Poll finds judges believe they should speak out against threats to judicial independence

A survey of hundreds of judges nationally found that the overwhelming percentage believe judges, who are often reticent to comment publicly for fear of having their objectivity questioned, should speak out against attacks on judicial independence.

The unscientific poll was taken earlier this month by The National Judicial College, the nation’s oldest, largest and most widely attended school for judges. The College emailed the survey question to its more than 12,000 alumni nationally.

The NJC conducted a similar poll seven months earlier and found that more than 90 percent of  alumni who responded felt judicial independence was being threatened.

Judicial independence is the concept that judges decide cases and interpret the law free from outside influences, such as an expectation of monetary gain, or allegiance to or fear of retribution from a political party or figure.

In the new survey, respondents said it is essential to confront the threats posed by the legislative and executive branches. Some alumni who left comments mentioned President Trump specifically.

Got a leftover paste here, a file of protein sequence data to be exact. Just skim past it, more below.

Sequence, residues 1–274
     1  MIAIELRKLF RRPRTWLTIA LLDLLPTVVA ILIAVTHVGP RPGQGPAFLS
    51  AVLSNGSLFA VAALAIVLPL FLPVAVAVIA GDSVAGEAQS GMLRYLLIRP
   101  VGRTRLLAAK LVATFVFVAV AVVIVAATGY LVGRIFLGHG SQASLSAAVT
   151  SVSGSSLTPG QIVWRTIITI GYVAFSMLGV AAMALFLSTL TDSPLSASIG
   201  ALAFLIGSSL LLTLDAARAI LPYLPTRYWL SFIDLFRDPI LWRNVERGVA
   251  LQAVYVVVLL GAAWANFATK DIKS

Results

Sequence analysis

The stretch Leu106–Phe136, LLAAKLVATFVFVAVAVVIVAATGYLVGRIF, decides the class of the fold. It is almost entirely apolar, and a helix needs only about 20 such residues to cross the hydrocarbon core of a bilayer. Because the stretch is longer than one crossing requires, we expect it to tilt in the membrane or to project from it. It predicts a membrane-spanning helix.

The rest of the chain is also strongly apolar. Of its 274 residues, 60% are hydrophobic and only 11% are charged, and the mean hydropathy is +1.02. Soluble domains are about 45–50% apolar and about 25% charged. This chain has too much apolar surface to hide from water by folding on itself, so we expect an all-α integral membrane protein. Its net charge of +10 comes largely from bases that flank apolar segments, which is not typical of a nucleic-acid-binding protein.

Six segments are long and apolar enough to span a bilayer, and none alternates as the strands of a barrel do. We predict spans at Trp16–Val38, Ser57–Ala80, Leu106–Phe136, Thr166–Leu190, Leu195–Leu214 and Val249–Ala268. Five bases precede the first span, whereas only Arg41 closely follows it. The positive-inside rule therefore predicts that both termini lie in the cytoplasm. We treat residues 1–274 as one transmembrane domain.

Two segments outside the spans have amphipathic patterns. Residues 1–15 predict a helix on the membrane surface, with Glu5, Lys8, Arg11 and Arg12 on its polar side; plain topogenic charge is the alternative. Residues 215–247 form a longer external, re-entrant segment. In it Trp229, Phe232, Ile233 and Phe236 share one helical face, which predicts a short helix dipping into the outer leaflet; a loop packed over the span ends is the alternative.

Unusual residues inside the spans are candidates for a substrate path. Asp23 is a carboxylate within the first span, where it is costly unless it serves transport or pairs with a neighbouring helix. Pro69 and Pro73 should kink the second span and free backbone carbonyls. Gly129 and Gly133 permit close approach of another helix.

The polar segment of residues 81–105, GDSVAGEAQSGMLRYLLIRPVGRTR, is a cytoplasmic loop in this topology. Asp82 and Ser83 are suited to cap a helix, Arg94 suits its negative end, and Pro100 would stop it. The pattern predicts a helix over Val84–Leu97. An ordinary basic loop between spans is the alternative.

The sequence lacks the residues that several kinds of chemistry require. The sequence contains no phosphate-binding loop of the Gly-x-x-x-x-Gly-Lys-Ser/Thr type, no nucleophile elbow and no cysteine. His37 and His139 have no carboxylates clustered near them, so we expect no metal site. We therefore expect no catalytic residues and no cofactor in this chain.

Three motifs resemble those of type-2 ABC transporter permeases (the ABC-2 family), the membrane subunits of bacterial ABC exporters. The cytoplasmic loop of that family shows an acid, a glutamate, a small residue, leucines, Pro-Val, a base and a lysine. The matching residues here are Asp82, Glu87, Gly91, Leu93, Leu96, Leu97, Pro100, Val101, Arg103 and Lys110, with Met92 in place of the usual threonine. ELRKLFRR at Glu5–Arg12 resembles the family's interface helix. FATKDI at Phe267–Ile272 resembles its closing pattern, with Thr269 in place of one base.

Read a full summary of the results, including judges’ comments here.

Each month the NJC emails a one-question survey to more than 12,000 judges nationally who have attended its courses for new and experienced judges. The poll often asks their opinion on an issue of the day.

Contact: Anna-Leigh Firth, Communications/Marketing Intern

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Created more than a half-century ago at the recommendation of a U.S. Supreme Court justice, The National Judicial College remains the only educational institution in the United States that teaches courtroom skills to judges of all types from all over the country, Indian Country and abroad. Judges served by this nonprofit and nonpartisan institution decide more than 95 percent of the cases in the United States

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